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Learn to Climb a Hill

posted Jun 18, 2015, 12:55 PM by Scott Pell   [ updated Jun 18, 2015, 2:14 PM ]
If you've ever read a good management book, it is usually packed with great, simple analogies. Business, as it turns out, is mostly the application of common sense and wise experience. Most of us have to get our head out of the weeds to be able to come up with good ideas and apply our learned common sense. These opportunities can be few and far between, so you have to take advantage of any opportunity to lift up your head and put down your pencil.

Throughout my career, I've always had something to divert my attention for an hour or so. It has normally been some sort of exercise. When I was younger and a bit more daring, it was cycling. During the week, I would get 20 miles a day, or so, and on the weekend I would get in a long ride. It is certainly a way to clear your head, but it does take a good bit of time. The biggest benefit of cycling is the challenge. There is always something to challenge you, like scorching heat, a nagging headwind or a faster rider that you are trying to keep up with. The biggest challenge is facing a big climb. To survive, you have to learn to climb a hill.

Now, my diversion is Iron Tribe. I've definitely upped the ante on challenges, while reducing the amount of time required. Who knew that 45 minutes could kick your butt more than anything else. But like cycling, there is always a hill to climb. My latest hill was to perform my first unassisted pull-up. Cyclists aren't known for arm strength. In fact, I'm not sure I've ever spent any significant time with any weights that weren't attached to me. On June 9, 2015, I performed my first unassisted pull-up. Now, every day I start and finish the Iron Tribe workout with a pull-up or two, just to make sure I can still do one.

Pull-ups, hills and business problems go together hand in hand. They are challenges that you may or may not be able to overcome, right now. If you want to succeed, you have no choice but to press on. This is why you need to learn to climb a hill.

Climbing hills on a bike are unique, because you cannot quit. If you want to get where you are going, you have no choice but to continue climbing the stinkin' hill. Quitting in the middle of the hill only signs you up for a long walk in cycling shoes, dragging or carrying your bike. If the hill is steep enough, you might need to turn around, just to get the momentum to get up the next rise. Add a few turns to the hill and it feels like it is never going to end. Add a hairpin and you quickly find out about O2 debt. Add a cemetery sign to the route and you have the makings of a great de-motivational poster.

To climb a hill, you have to develop a strategy. Conditioning is necessary, but if you don't have a strategy, you will fail...and you will still have to finish going up the hill. There is always going to be a hill bigger than what you trained to climb, so always have a strategy. Mine is easy:
  1. Know the goal. We don't climb hills, just to climb hills...well, except for a few buddies of mine. The rest of us climb a hill to get it over with then continue the ride to the finish. By the way, races that end at the top of a hill? They really suck.
  2. Don't die. If you die, then you'll never climb the hill. People run out of gas on a hill because they started way too strong. There comes a time when "I got this" don't got this. If you can't see the top, don't climb it like you can see the top. Start slow, conserve energy for when you need it. Believe it or not, you can climb a hill faster, if you have something left in the tank. Sprinting at the end carries much better results than sprinting at the beginning.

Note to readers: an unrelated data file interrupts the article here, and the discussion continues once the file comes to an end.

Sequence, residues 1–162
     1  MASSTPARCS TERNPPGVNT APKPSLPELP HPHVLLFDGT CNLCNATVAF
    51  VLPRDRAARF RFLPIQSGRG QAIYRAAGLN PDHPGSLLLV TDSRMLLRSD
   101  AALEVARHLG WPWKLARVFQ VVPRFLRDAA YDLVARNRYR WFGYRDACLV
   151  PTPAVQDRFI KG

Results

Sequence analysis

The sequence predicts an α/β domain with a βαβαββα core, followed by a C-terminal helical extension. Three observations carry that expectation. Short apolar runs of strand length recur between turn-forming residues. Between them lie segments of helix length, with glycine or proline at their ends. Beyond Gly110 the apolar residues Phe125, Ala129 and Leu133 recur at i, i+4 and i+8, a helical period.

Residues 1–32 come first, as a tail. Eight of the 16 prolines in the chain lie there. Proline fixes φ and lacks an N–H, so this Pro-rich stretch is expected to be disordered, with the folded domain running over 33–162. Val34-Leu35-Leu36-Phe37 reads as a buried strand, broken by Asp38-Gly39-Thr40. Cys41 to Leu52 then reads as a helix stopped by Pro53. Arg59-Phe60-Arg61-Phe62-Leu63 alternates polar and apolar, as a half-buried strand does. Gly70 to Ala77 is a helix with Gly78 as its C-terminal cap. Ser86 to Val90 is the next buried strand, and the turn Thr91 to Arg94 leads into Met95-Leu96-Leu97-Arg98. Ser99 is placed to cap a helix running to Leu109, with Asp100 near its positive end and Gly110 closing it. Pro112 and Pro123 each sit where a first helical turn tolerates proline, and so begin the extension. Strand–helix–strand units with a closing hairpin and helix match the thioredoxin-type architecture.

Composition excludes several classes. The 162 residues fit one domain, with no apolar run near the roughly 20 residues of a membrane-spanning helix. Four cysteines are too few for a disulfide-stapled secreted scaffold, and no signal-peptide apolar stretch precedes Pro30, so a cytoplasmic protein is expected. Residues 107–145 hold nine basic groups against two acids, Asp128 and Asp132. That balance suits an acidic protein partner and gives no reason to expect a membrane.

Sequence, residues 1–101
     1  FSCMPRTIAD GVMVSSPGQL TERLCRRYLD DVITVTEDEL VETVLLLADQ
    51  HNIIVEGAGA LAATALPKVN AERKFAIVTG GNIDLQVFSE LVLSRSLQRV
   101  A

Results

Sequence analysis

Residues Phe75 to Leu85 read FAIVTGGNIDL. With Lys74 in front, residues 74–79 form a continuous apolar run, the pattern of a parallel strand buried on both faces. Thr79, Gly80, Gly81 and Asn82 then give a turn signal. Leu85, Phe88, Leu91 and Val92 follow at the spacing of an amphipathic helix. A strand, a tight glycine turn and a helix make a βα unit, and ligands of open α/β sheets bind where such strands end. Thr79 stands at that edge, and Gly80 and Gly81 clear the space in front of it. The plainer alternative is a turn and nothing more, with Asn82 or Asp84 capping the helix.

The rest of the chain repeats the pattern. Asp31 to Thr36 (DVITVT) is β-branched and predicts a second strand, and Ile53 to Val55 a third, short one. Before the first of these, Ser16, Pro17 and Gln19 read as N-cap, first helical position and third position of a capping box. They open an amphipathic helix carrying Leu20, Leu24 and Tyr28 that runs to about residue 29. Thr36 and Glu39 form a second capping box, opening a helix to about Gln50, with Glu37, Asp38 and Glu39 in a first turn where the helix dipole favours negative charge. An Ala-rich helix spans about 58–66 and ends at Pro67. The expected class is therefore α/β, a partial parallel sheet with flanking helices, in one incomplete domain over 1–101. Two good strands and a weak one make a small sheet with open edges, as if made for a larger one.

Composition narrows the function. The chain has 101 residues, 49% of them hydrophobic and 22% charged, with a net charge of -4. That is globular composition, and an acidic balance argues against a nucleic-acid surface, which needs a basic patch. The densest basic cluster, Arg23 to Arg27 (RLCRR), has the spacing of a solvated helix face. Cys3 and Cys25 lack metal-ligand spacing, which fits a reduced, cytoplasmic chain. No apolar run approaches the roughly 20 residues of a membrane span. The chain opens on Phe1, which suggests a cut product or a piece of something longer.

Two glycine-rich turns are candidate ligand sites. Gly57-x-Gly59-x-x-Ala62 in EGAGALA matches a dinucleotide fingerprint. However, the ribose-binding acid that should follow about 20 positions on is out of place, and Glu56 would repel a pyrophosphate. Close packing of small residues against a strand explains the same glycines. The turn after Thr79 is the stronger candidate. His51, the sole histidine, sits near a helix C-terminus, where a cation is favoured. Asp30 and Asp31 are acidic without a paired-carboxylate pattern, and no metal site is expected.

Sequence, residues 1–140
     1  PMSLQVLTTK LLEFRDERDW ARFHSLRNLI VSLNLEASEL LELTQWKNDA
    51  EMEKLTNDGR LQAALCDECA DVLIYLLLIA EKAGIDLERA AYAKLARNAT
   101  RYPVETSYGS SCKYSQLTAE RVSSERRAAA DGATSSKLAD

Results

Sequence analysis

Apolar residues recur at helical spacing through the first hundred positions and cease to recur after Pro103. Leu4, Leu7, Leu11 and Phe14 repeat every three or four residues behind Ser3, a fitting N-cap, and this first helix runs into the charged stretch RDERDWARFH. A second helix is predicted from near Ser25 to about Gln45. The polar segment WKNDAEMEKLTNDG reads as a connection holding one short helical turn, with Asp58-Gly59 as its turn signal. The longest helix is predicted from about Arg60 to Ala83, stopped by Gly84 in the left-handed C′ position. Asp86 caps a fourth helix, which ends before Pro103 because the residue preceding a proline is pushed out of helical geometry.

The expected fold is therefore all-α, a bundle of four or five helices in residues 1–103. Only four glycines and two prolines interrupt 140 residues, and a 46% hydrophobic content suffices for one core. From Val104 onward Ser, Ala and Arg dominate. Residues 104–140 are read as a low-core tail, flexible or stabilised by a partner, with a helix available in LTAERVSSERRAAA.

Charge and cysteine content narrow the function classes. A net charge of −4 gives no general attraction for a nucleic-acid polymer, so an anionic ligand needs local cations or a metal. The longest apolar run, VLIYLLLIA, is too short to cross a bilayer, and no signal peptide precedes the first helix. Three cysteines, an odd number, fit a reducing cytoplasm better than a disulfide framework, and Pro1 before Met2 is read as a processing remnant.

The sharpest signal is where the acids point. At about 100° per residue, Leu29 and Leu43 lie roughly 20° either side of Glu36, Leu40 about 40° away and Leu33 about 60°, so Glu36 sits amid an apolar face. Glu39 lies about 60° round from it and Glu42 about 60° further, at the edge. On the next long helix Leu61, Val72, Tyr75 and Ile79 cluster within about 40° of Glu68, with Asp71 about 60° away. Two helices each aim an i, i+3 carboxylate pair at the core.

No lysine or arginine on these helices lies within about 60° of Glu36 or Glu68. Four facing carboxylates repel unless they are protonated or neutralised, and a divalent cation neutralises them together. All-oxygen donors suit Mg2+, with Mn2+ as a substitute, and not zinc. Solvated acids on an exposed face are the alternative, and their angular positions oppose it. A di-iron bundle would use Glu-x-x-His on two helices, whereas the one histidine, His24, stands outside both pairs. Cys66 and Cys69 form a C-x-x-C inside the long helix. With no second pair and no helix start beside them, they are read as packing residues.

3. Establish a rhythm and stick with it. The best way to keep up a pace is to create a simple rhythm that you can repeat, a whole bunch of times. My rhythm ends up being a 4/4 kinda thing. Then, I get a song stuck in my head, like a hymn in which I can't remember all the words. Humans are creatures of habit, so create a habit and take advantage of it.
  4. Don't stop. The single hardest thing to do on a bike is restart after stopping. Once you restart, you wish you'd stayed by the side of the road a little longer. If you're going to die, well then stop, but make sure you only give yourself a little bit of time. Once you are in a rhythm, it is easier to keep it than start all over.
  5. Get help. I don't care if you like Lance Armstrong or not, but the dude can ride a bike. He also needed help the whole race. Teammates would play their part to get him to the next spot where he could use his strengths. He was pretty awesome on hills, but he relied on people to get him to the point where he could turn on the jets. The helper can help by giving you pointers and advice that make the job of climbing the hill easier.
  6. Be help. Return the favor, do not leave your climbing buddy partway up the hill. The easiest way up a hill is to coach someone up a hill, really. If you're cheering someone on, it is more genuine if you don't look like you're going to pass out. So, suck it up and coach someone up a hill, as you ride alongside.
  7. Repeat. In a tough climb, you have to re-convince yourself that you are going to finish...not just the hill, but the race.
Interestingly enough, this strategy helped me with my first pull-up. I actually did that first pull-up, while showing someone the technique. After working on form for months, a few of us were trying to figure out the timing of a kipping swing. The coach demonstrated, then I helped explain to another person, who was struggling with it. Step one, then step two, then pull-up. "Hey! You did it!!" said the coach. I did it.

Hills and pull-ups, big deal. Do you have any goals at work that look like really big climbs? Same strategy. Personal battles that need to be won? Same. Raising kids? Yep. Exercise goal? Proved it. Now, go climb a hill.